you bring as an enemy to her Majesty's government: whereas he by name, and in manifest words, commends and praises very highly her Majesty's regiment above all others. Or will they deal with me, as they have done with Mr. Beza? Mr. Beza, cap. 44 of his Confessions, written in Latin, says that he dislikes their judgements, who think it unlawful for women to bear rule.71 This book is translated into English, but it has all this point left out in the English copy, to the end they may (as it is reported) bear her majesty in hand that Mr. Beza is against her

regiment, and so, that her majesty may be brought in detestation of the Church government which Mr. Beza favours, as being a Church government that cannot stand with the civil government of women. What say you to this gear, Bb., have you dealt well with Mr. Beza? Deal thus with me an you dare, if you will say that you had no such intent as to slander Mr. Beza, in leaving out the said point. Then I say that you are enemies unto her Majesty's government, in that you will wipe out of a printed and a translated book, that which was written in her defence, especially suffering the rest of the book to be printed.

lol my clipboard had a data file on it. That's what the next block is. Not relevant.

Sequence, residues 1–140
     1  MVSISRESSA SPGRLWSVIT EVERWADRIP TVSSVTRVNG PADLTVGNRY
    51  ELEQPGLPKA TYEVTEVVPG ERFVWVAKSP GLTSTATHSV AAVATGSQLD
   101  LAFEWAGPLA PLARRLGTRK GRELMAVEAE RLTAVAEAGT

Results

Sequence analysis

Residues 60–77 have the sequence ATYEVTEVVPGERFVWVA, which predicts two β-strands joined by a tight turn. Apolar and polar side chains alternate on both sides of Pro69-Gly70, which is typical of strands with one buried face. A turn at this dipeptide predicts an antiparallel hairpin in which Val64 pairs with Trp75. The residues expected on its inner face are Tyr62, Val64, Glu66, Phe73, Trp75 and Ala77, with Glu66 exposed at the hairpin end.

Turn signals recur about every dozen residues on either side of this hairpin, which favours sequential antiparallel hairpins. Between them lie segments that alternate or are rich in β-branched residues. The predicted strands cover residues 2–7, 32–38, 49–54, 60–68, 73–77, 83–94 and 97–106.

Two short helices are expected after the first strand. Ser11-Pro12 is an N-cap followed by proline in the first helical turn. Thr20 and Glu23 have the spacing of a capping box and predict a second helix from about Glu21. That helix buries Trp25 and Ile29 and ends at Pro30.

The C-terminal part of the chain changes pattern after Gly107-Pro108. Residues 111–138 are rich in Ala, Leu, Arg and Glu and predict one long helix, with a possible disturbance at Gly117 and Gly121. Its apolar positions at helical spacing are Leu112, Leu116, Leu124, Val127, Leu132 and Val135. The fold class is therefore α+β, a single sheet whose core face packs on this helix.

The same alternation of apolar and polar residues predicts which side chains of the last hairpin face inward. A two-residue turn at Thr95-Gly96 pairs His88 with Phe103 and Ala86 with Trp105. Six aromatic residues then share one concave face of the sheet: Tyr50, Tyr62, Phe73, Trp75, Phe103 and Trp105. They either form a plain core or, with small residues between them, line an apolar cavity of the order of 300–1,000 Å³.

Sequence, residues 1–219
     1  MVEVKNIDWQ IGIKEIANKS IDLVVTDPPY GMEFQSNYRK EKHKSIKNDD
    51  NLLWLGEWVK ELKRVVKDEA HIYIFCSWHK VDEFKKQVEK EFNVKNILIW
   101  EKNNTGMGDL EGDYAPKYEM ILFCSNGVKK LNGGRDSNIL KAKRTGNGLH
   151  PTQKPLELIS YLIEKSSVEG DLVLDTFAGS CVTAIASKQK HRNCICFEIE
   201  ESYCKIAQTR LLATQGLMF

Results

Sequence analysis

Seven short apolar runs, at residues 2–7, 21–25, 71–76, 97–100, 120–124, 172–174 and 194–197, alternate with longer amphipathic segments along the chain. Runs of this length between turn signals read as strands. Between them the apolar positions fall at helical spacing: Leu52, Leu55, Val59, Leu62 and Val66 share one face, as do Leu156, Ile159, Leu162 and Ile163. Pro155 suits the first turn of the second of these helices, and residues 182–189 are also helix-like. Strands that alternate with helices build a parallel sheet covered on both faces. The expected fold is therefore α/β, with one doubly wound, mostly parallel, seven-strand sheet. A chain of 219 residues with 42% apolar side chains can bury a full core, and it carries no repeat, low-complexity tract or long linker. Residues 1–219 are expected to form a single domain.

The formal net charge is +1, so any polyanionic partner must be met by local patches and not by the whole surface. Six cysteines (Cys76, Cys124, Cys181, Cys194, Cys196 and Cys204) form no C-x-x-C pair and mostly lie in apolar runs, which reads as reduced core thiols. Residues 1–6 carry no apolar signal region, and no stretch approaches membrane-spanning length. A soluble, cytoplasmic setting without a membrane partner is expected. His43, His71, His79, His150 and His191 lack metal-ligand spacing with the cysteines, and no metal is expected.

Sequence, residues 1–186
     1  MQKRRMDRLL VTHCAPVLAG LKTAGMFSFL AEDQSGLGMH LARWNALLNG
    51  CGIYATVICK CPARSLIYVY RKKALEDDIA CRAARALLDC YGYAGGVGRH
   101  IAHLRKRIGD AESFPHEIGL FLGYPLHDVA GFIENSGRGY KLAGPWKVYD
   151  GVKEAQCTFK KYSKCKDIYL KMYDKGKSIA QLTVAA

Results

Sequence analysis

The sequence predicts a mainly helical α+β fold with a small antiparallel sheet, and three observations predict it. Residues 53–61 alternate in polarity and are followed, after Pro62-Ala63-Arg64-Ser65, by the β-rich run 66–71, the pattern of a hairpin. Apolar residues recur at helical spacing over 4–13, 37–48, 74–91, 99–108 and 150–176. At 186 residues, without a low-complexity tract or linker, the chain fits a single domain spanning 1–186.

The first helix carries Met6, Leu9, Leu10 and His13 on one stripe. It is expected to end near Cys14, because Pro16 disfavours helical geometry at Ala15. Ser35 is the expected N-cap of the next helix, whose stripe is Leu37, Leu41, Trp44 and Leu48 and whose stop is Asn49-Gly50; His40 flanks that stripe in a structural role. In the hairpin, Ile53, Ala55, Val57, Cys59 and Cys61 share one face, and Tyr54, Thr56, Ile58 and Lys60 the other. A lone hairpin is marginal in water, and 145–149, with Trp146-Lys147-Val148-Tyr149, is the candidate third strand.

To return to John of London's foresaid book. I say although he has therein spoken against bishops, even our bishops now living, and so against himself, as being now a B., yet that his book is a carnal and unlearned book, smelling altogether of earth, without rime and without reason. And that his speaking against bishops therein was but a snare to catch a bishopric, as it now appears. The particular sentences and marginal notes shall be set down, and where I set any note upon your book, there shall be an 'm' for difference sake, added therunto. We will begin with your own words unto the Bb., that is unto yourself and your brethren, page 23.72

    Oh they may thank God73 (say you) that they have this time to breath them, and bethink them of their

23. The bishop of London, against protestant bishops.